Yesterday I travelled from Asahikawa to Chitose airport (in Hokkaido, Japan), as on this Hyperdia screenshot (except I planned to take a later Airport service after having lunch in Sapporo).

enter image description here

Now since the trip is over 100 kilometers (184 to be precise), my ticket said it was valid for two days, and I believe it allowed stopovers. However, when I tried to exit the ticket gates at Sapporo station, my ticket was rejected and I was told that if I wanted to exit, I had to pay an additional 420 yen. What gives?

  • I always wonder what happens if you just say 'Hi, I feel unwell, and need to get to a pharmacy'
    – Strawberry
    Commented Aug 23, 2019 at 8:47
  • 3
    @Strawberry Feeling unwell normally does not entitle you to free transportation...
    – fkraiem
    Commented Aug 23, 2019 at 8:53

1 Answer 1


The Hyperdia screenshot gives a hint: the curled arrow indicates backtracking, and that makes this trip a bit special. Here's a (simplified) diagram of the relevant train lines:

To Asahikawa ^
             | Hakodate Main Line
   Shiroishi @==================> To New Chitose Airport
             |   Chitose Line
     Sapporo @

The catch is that the Chitose Line, which you used to go to the airport, starts at Shiroishi station, and not at Sapporo station (the section between Sapporo and Shiroishi belongs to the Hakodate Main Line). Thus if you go from Asahikawa to Sapporo and then to the airport, you must backtrack at Sapporo.

Now, as I explained in the linked question, it is not possible to travel on a single base fare ticket if the route involves backtracking, so your ticket was actually for Asahikawa-Shiroishi-Chitose, not for Asahikawa-Sapporo-Chitose, and you were supposed to transfer at Shiroishi, not at Sapporo.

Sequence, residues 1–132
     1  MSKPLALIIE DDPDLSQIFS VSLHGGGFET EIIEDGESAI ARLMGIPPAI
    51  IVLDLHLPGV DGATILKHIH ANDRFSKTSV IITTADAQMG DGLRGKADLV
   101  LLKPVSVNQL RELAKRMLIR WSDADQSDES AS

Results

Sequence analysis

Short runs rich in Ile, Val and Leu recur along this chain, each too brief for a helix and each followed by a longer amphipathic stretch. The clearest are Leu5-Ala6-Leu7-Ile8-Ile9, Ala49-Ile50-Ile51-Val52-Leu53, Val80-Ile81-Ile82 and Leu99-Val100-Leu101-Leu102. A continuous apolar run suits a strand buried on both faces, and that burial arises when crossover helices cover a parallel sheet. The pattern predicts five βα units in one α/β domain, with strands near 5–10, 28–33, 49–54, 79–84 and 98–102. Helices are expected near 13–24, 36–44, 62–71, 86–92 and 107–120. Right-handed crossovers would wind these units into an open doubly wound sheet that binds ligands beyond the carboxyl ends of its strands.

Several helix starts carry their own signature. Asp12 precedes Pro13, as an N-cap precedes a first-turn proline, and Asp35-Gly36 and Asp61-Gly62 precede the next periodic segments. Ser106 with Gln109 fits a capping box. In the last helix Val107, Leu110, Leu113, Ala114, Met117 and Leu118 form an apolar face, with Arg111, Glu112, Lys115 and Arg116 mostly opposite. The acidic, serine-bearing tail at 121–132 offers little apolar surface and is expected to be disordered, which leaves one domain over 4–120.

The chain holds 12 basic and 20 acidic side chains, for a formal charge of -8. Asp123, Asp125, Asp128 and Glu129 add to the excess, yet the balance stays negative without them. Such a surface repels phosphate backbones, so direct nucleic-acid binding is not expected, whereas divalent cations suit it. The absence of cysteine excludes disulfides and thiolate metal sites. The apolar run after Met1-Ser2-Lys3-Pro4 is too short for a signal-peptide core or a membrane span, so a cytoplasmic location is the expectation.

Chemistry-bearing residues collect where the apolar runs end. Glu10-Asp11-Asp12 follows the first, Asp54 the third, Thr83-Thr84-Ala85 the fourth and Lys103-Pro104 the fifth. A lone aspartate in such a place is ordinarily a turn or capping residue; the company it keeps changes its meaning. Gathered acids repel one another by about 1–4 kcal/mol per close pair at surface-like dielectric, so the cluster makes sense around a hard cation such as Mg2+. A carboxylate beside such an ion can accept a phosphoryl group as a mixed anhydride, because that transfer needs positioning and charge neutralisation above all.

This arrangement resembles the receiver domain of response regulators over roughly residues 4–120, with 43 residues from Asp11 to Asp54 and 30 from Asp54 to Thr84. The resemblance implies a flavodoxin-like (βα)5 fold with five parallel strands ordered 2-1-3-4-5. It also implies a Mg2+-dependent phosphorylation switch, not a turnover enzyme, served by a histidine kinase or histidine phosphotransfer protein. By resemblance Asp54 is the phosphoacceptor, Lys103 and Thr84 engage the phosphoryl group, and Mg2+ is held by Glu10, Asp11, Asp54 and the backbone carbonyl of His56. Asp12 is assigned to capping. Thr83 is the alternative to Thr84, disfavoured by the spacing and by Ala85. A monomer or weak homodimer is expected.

Why, then, did the JR employee give you such a ticket when you asked for the itinerary showed on your Hyperdia screenshot? This is because your limited express train did not stop at Shiroishi (you can see this with Hyperdia's "Train timetable" link), and so it was not possible for you to transfer at Shiroishi.

In such cases, as an exception you are allowed to proceed all the way to Sapporo, even though it is outside the route covered by your ticket. However, the purpose of this exception is only to allow you to make your connection at Sapporo; in all other respects you must behave as if you were transferring at Shiroishi. This is why additional payment is required if you want to stopover at Sapporo: it's as if you were making a stopover at Shiroishi and then purchased separate tickets to go to Sapporo (210 yen each way).*

There are 47 such areas nationwide. To give one other example, when you ride the Resort Shirakami train between Akita and Aomori, you encounter the following situation (note that in this case there is not even any transfer, it's all the same train!).

To Aomori ^
          | Ou Main Line
   Kawabe @===============> To Higashi-Noshiro
          |   Gono Line
 Hirosaki @

When travelling from Aomori, it first travels on the Ou Main Line to Hirosaki, and then it backtracks and proceeds on the Gono Line to Higashi-Noshiro (and then to Akita). Note that it does stop at Kawabe after Hirosaki, but not before, so it is not possible to make the transfer at Kawabe (exit and wait for it to come back?). Thus the exception applies and you can make the whole trip on just one base fare ticket despite the backtracking at Hirosaki.

* As a side-note, I just checked and it is actually cheaper to buy two separate Asahikawa-Sapporo and Sapporo-Chitose tickets (3560 yen total) than one Asahikawa-Shiroishi-Chitose plus Shiroishi-Sapporo-Shiroishi (3800). Tickets for small trips like Shiroishi-Sapporo should be avoided as much as possible, as they are very expensive per kilometer.


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